The International Veteran Congress of the First World War, which took place in Rome in the year 1925, chose Liege as the place where a monumental monument commemorating the cooperation of Allied soldiers and the suffering of peoples during the war 1914-1918 was to be created.
The monument designed by Joseph Smolderen from Antwerp stand on the Cointe hill, in a place visible from every Liege point. This monument consists of a religious part, or Church of the Sacred Heart, whose construction began on 21 June 1925 year, and the civilian part, or 75-meter tower, which began to appear in September 1928 year. The inauguration of the opening took place on 21 July 1937 year.
In the crypt there are monuments of Belgian, French, Romanian and Spanish soldiers, while on the square surrounded by pillars there are Italian, Greek, Polish, English and Russian monuments. Every August 15, on the the Polish Army Day, Polonia fold the flowers at the Polish monument at Cointe Hill.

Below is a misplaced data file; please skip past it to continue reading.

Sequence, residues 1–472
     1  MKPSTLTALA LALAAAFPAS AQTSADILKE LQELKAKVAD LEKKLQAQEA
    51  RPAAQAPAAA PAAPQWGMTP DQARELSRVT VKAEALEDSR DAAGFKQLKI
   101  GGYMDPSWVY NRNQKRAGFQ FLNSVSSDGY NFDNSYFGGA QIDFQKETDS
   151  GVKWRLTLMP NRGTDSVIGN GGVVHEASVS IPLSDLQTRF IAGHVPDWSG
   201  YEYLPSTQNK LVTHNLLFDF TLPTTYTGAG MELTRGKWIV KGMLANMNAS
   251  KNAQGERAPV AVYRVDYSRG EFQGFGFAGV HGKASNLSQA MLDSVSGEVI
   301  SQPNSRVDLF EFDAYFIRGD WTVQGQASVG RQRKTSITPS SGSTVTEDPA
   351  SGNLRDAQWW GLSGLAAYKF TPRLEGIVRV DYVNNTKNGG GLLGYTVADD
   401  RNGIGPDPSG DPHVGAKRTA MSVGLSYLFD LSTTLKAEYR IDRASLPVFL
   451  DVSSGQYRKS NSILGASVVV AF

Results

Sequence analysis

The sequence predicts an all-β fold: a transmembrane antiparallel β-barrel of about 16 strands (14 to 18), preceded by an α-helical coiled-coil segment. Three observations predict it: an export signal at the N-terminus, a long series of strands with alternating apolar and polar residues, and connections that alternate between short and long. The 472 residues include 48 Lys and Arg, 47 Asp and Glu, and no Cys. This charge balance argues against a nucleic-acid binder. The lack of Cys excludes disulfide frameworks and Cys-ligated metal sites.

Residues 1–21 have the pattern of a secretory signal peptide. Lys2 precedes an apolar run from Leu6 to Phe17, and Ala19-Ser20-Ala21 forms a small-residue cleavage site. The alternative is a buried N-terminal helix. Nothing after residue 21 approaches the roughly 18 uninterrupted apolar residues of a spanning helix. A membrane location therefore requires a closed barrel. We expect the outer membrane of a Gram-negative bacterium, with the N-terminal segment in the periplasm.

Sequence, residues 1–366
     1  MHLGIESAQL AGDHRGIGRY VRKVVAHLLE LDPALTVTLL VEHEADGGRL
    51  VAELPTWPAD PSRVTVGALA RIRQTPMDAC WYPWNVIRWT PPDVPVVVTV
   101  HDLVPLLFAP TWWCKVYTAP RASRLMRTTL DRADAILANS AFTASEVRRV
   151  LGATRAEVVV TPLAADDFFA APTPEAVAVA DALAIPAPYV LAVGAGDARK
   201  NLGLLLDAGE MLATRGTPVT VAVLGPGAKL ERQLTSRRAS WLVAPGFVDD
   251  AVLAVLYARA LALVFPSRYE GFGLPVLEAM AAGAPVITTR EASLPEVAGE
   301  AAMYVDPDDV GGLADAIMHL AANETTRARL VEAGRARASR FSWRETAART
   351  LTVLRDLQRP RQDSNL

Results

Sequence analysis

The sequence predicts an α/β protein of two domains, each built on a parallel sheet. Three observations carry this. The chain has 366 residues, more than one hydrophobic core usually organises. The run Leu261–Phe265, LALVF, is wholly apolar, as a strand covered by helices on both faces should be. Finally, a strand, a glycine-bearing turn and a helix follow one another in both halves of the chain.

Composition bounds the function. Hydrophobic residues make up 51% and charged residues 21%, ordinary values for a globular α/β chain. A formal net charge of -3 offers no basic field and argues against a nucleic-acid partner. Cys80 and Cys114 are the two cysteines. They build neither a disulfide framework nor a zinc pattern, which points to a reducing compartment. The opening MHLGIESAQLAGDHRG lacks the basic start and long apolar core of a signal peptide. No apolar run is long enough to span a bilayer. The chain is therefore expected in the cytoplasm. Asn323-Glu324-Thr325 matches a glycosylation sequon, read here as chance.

For decades, this magnificent monument, exposed to heroes, has grown into the Liege skyline, became one of symbols city. However, the passage of time has strained the structures of both buildings. The civil monument was renovated, there was money for it. The church has been closed for years. There are no funds for renovation. There is a danger that this magnificent monument will share the fate of churches that were demolished or desacralized in Liege. Church of St. Antoni, who ceased to be a place of worship in the 1977 year, today serves as a place of vernissages, the church of St. Cross closed for years (apparently, funds have already been accumulated about 20 million dollars for renovation), the church of St. John the Evangelist, closed due to the threat of collapse. Hundreds of years of history that is not remembered.
Recently, information appeared that the temple will be sold. Among the main buyers are the Dutch millionaire Arthur Paes. Admiring how he restored the Le Fy castle in Esneux, one can hope that the magnificent church on Cointe will also be renovated. However, it will no longer serve as a place of worship, but as a socio-economic or economic-cultural object.